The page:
Wound culture and sensitivity
This test looks for bacteria or other organisms in a wound. The test is used to find out if a wound is infected. It can also see the type of organism that's causing the infection.
This test is done with a small sample of tissue or fluid from a wound. The sample is collected and sent to the lab. It is then put into a small dish with a substance that helps organisms grow. This is known as a culture. After a period of time, the dish is checked to see what is growing.
An infected wound may need treatment such as antibiotics. The antibiotics stop the infection and keep it from spreading to other areas of the body. Treating the infection also helps the wound to heal.
You may need this test if your healthcare provider thinks that your wound is infected or if you were bitten by an animal, insect, or person.
Symptoms of an infected wound include:
Swelling or a new lump under the skin
Pus or bad-smelling fluid draining from the wound
Skin around the wound that feels hot to the touch
Bumps near the wound that look like boils, pustules, spider bites, or a rash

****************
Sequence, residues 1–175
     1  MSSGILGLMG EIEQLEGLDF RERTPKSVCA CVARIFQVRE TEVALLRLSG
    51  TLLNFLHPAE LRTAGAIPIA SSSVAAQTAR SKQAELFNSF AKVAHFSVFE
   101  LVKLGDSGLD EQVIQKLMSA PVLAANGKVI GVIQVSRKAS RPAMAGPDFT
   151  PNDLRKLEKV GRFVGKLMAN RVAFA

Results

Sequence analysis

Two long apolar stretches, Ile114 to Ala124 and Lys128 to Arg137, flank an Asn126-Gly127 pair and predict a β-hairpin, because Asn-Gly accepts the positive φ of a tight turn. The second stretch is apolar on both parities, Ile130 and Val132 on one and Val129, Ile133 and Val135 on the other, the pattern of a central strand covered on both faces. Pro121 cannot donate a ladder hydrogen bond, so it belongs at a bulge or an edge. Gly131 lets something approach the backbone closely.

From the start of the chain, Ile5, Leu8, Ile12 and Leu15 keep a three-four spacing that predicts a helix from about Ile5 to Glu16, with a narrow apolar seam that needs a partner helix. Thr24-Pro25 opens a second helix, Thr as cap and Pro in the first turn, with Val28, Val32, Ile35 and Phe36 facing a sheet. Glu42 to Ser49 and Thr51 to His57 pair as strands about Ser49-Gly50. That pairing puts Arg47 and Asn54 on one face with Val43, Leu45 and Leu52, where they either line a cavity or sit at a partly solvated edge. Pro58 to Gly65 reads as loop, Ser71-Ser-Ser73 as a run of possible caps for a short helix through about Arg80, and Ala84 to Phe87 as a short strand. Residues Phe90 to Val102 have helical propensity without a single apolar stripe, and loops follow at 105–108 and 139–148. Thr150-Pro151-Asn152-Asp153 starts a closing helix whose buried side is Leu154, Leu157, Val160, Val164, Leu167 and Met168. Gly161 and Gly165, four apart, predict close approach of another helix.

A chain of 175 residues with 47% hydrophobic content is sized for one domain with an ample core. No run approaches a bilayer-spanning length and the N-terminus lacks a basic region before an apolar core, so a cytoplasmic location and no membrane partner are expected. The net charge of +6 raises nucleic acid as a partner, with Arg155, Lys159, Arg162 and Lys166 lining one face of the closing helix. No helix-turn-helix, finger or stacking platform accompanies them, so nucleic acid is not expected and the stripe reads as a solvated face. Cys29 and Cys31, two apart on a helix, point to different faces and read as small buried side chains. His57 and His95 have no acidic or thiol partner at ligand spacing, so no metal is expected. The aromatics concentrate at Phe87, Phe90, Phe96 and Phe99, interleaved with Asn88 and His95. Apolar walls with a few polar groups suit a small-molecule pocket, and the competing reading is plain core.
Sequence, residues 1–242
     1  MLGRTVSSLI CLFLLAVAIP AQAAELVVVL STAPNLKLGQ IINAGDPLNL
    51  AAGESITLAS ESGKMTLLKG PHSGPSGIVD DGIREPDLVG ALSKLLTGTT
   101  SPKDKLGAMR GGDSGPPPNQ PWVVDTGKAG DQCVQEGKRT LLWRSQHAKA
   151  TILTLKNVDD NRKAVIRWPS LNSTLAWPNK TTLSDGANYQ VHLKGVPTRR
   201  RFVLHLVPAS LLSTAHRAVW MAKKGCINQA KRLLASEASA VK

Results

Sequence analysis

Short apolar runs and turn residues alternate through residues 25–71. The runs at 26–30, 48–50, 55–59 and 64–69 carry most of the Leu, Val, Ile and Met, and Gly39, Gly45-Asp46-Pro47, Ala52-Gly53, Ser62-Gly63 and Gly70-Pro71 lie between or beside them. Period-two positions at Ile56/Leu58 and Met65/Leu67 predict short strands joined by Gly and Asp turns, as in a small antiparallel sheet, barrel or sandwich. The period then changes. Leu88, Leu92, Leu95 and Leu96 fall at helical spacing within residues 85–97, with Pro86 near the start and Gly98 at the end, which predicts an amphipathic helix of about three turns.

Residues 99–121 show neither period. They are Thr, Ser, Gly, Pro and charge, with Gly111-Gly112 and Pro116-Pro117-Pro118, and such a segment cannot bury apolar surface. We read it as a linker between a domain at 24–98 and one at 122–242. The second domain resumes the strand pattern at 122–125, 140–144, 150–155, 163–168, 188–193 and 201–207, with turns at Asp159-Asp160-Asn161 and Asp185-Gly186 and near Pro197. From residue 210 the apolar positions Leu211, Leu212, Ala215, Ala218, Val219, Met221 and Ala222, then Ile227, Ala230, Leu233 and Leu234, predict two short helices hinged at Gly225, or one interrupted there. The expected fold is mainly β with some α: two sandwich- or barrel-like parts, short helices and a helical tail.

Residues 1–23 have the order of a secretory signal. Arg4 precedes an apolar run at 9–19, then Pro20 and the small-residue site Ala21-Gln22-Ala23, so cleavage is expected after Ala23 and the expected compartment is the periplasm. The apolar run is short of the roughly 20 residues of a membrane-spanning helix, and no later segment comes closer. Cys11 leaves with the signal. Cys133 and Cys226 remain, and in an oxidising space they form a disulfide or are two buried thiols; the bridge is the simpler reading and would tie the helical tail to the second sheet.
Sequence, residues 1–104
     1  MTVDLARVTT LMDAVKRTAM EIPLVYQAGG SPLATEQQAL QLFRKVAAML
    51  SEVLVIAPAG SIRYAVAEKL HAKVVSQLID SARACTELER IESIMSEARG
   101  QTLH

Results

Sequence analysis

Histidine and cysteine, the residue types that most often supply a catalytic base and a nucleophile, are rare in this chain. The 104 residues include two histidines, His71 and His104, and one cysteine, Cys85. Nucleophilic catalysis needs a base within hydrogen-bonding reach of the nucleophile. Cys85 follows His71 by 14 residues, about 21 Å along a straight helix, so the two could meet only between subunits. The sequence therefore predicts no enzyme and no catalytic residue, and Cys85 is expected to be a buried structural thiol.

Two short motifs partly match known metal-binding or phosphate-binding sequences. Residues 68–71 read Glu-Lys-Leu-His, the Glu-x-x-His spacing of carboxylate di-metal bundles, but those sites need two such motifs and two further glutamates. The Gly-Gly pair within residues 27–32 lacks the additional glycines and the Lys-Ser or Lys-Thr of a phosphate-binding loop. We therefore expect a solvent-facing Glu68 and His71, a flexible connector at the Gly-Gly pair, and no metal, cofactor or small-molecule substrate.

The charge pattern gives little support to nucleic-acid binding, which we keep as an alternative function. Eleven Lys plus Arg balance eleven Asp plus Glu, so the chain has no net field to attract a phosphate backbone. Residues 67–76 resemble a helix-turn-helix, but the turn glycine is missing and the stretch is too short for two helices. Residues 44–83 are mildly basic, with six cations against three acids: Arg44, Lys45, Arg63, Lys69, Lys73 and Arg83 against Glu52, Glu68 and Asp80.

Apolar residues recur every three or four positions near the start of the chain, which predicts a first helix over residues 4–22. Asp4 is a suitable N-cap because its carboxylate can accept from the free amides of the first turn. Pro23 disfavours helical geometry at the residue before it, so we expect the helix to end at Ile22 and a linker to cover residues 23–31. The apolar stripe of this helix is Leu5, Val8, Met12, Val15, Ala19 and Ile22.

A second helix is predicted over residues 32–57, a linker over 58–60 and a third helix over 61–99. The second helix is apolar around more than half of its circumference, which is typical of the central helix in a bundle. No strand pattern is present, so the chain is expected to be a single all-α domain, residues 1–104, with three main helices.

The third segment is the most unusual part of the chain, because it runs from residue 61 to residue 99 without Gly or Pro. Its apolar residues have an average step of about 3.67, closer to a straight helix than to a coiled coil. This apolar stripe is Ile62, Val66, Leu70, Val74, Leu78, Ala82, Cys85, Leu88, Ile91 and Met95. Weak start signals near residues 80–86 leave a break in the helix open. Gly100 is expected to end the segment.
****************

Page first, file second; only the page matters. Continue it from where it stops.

A severe infection may also cause:
You may also have these tests:
Blood tests to check liver function, blood proteins, and blood sugar
Complete blood count (CBC)
Test results may vary depending on your age, gender, health history, the method used for the test, and other things. Your test results may not mean you have a problem. Ask your healthcare provider what your test results mean for you.
A negative result means that no organisms grew in the culture from your wound. A positive result means that bacteria or other organisms did grow and that your wound is infected. From your test results, your healthcare provider can figure out the best antibiotic to treat it.
This test is done with a sample of the fluid or tissue from a wound. Your healthcare provider will carefully clean the wound and flush out any dirt. . Then they will collect a sample from the wound. If the wound isn't oozing, your provider may moisten a swab with a sterile saline solution to collect the sample.
This test poses no known risks.
The wound culture may be less accurate if you are already taking antibiotics before the culture is done.
You don't need to prepare for this test. But be sure your healthcare provider knows about all medicines, herbs, vitamins, and supplements you are taking. This includes medicines that don't need a prescription and any illegal drugs you may use.